Meetings, committees, conferences, boards, visits, calls, counseling, and all other related types of activities are the package, parcel, and portion experienced in the life of the modern-day pastor who is doing anything to build up the kingdom of God on earth. Yet the minister's duty is to his children. He should not become so engrossed with outside duties as to neglect his own children. Home duties sometimes may seem of lesser importance, but in reality they lie at the very foundation of the well-being of individuals and of society.

Responding to this challenge there are at least three things we should plan to do this year:

1. We should make ourselves our children's companion and friend. This means taking them with us when possible on appointments where reasonable and appropriate, and also taking time to become acquainted with their interests and concerns.

2. We need to do everything possible to keep them from evil associates, and should see that they have useful work to do. My father, who was a building contractor, never let me stay in bed after 6:00 A.M. any working morning after I became a teen-ager. He always had more work for me than I could do between sunrise and sunset.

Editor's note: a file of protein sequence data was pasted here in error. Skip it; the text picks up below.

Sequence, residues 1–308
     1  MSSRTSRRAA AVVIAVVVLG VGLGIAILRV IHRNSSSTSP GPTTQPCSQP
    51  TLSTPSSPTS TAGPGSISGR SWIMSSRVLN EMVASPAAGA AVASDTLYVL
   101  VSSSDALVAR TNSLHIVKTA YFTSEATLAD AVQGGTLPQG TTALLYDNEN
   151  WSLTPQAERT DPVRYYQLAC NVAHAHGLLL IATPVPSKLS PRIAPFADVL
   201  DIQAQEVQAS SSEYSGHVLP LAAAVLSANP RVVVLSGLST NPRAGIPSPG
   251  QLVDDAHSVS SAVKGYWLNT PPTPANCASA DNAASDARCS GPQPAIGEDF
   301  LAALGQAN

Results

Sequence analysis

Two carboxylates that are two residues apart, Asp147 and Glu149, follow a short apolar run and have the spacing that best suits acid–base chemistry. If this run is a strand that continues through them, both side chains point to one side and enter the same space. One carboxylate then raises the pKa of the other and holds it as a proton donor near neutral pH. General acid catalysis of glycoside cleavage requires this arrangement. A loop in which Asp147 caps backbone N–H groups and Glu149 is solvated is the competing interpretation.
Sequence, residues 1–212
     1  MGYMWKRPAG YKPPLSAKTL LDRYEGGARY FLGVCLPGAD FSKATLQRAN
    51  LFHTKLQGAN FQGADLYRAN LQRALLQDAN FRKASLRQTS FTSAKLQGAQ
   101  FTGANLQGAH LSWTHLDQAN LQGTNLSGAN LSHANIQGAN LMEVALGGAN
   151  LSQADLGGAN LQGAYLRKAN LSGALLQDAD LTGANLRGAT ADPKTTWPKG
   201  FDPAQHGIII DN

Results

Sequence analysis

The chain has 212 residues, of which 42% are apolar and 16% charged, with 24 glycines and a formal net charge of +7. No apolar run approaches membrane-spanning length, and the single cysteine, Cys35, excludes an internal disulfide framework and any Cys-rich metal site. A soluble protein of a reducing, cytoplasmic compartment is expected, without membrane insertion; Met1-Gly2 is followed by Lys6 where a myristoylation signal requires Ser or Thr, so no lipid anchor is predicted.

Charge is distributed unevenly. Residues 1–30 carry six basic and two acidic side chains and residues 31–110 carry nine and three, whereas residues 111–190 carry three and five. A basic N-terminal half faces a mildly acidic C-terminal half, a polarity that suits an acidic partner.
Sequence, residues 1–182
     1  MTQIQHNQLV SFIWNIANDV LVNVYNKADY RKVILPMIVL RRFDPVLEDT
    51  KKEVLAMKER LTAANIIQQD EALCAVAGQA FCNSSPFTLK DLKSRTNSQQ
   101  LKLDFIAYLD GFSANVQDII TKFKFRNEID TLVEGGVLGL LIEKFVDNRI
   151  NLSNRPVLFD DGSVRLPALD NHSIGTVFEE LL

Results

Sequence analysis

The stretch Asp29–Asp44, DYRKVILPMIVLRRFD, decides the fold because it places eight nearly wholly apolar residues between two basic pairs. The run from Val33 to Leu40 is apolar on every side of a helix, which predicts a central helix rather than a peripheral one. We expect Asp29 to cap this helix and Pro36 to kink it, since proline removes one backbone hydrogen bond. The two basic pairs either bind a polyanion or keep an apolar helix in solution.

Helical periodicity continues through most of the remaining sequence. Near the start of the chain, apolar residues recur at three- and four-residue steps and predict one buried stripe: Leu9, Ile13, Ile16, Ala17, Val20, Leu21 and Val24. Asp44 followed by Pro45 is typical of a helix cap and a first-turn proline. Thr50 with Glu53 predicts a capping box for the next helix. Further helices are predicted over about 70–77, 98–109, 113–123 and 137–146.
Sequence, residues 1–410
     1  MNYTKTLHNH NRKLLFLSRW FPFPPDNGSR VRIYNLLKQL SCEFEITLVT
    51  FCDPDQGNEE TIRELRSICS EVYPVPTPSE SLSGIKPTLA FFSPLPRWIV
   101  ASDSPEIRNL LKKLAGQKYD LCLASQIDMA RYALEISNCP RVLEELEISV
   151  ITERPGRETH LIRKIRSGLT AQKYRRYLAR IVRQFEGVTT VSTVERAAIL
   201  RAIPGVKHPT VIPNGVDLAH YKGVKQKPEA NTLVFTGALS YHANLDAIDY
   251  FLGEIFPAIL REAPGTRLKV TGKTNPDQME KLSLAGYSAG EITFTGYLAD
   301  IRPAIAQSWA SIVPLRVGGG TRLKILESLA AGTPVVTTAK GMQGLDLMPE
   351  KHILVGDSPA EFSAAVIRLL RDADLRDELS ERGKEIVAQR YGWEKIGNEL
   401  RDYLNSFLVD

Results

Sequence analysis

3. As pastors and fathers we should do all in our power to lead our children to God. The greatest revival a pastor can experience is the evangelization of his family morning and evening at the family altar, and at any time during the day. Making home life fun with father is our duty.

There must above all be specific times when the pastor-husband gives personal and specific time to the first lady in his life. To neglect that "date" with her can prove tragic. Our wives by and large demand very little of us. A trip to the mall, the shopping center, the grocery store, or a meal out together may be a great help in keeping them happy.

Church priorities

Just as there is no substitute for a well-ordered home so there is no substitute for a well-ordered and organized church. A very brief list of some things that we should have well in hand as we face the new year are: